The increase in data, and the capacity to manipulate and analyse it, has huge potential benefits to everyone involved in using “people centred data” – health, housing and community services/welfare. However, to maximise the overall benefit, to the public and to individual organisations, people across sectors and across jurisdictions need to understand what is available and how to access it.
We need to cut through the ‘white noise’ of unanalysed data and work out how we can harness its power. This will require a people-centred approach that recognises data only has value when it is used to solve problems.
This March, the Australian Institute of Health and Welfare (AIHW) and the Australia and New Zealand School of Government (ANZSOG) will co-host a conference to explore a broader understanding of these issues.
We will bring together public sector, university and non-government sectors to explore the issues around effective data sharing and more open use of data.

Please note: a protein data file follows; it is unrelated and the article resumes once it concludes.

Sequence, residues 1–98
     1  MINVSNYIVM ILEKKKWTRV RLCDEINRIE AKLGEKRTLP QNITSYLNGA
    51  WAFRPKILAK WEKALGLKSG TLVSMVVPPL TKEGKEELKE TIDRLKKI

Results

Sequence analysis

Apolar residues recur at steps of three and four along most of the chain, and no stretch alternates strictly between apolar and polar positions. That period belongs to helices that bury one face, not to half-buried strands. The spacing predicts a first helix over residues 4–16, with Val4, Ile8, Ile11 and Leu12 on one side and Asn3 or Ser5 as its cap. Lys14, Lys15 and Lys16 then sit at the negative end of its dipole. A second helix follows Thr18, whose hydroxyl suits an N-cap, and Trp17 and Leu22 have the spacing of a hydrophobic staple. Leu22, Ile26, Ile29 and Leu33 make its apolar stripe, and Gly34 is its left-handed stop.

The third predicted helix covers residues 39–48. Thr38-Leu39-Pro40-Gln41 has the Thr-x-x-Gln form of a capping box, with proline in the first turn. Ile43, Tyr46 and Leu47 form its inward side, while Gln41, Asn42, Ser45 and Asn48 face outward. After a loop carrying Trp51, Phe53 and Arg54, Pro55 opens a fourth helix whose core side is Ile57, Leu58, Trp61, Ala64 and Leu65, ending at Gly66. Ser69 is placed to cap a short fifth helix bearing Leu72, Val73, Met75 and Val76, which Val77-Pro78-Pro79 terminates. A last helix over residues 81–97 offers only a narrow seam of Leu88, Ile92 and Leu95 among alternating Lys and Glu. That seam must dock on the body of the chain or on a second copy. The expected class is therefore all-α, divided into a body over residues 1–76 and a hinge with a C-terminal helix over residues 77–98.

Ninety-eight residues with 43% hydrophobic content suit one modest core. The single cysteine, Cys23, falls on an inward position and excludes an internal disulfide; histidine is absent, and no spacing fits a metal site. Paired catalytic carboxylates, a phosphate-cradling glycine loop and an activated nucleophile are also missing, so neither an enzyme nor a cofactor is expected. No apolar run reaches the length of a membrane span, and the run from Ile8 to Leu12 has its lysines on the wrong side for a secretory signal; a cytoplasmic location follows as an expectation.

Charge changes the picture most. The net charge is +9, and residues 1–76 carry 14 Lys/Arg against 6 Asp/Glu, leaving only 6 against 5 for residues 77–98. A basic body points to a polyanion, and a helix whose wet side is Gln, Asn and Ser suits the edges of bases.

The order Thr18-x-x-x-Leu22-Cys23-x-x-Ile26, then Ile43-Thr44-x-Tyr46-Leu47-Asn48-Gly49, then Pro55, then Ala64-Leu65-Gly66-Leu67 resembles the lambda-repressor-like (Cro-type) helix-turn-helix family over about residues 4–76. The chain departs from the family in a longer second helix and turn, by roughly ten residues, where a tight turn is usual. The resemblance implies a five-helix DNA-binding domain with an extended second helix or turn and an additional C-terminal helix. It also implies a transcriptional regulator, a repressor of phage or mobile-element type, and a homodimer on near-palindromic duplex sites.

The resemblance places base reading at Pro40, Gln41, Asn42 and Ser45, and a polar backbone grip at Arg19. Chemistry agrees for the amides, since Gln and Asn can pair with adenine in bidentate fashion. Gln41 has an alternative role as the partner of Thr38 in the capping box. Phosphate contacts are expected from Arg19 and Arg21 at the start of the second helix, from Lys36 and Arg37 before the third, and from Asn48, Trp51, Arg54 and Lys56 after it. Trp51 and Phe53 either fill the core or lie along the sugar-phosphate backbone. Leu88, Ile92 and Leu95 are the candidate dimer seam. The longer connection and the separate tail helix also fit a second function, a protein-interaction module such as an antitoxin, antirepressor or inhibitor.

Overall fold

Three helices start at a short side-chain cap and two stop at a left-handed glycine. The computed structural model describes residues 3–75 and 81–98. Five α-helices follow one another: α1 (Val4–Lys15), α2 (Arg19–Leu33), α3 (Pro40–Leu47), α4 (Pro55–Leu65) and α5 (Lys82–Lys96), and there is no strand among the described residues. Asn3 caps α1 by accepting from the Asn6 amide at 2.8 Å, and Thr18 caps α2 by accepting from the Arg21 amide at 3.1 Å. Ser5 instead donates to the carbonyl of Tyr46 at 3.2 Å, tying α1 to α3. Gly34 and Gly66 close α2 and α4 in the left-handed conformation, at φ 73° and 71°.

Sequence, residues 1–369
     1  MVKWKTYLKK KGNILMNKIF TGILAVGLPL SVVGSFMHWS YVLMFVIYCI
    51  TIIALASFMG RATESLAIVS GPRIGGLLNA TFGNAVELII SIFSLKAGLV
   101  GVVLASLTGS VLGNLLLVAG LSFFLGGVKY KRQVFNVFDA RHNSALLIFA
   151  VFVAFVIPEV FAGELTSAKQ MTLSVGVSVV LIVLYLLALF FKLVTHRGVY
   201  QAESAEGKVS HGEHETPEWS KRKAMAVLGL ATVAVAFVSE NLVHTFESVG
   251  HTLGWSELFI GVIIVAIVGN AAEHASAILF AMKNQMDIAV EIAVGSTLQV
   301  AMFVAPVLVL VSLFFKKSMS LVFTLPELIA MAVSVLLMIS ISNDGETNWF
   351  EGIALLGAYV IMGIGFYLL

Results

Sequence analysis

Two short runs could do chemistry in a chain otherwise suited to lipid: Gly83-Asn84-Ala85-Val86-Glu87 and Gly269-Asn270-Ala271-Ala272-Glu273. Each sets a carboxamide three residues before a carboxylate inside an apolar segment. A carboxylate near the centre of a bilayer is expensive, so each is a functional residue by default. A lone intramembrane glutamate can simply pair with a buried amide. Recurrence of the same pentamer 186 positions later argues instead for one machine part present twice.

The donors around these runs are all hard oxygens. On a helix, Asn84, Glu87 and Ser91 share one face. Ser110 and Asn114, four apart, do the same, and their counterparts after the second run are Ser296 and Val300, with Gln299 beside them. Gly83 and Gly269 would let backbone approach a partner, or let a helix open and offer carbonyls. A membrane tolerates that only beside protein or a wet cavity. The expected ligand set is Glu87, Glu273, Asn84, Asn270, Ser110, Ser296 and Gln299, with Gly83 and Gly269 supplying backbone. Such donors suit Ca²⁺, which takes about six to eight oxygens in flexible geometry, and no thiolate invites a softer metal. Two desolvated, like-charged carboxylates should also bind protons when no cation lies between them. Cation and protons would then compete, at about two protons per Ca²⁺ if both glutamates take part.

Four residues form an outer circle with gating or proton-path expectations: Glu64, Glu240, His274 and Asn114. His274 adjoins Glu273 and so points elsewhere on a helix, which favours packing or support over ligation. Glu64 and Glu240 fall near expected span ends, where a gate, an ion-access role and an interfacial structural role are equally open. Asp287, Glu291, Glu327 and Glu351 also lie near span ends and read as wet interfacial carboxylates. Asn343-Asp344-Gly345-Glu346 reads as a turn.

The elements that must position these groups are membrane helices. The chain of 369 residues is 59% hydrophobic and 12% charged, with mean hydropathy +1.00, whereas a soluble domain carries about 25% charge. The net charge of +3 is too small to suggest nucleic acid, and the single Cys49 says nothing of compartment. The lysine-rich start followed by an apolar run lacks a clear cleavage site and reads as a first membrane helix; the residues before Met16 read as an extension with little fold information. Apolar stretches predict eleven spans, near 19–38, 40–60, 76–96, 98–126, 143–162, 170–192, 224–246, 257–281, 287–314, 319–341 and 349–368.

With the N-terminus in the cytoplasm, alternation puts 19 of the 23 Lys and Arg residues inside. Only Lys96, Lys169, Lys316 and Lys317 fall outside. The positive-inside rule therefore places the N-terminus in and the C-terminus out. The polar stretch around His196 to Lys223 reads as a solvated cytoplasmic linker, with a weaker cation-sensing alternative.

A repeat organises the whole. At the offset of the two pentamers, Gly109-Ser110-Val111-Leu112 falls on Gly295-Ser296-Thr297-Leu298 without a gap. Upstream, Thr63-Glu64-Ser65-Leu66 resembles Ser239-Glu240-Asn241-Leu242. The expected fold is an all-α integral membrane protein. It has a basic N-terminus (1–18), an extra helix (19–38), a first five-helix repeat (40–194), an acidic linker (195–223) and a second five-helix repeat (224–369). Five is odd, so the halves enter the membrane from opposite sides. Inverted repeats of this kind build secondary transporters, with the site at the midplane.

Data that has the potential to improve people’s lives – whether from government, the private sector, or the community – will be subject to expert scrutiny and lively discussion.
Participants will be challenged to think more broadly about the hidden value of data sets, and the possibilities of gathering behavioural insights from the data to get a fuller picture.
They will be asked to consider how we can go beyond growing capability in data analytics and create a spirit of knowledge-sharing and collaboration around data in the ‘public purpose’ sector.
This conference, focusing on public policy challenges and the potential to use data to solve large and small problems in service delivery, will provide a unique learning opportunity for participants.
Participants will hear practical examples in using data analytics, behavioural insights, and design thinking, as well as an overview of the strategic challenges.
They will come away with a greater understanding of the power of using people-centred data to solve problems, and pathways to more effective collaboration.
The growth in data shows no signs of slowing down. We need to draw on the experience of our colleagues and other experts to ensure it is used as effectively as possible for public benefit.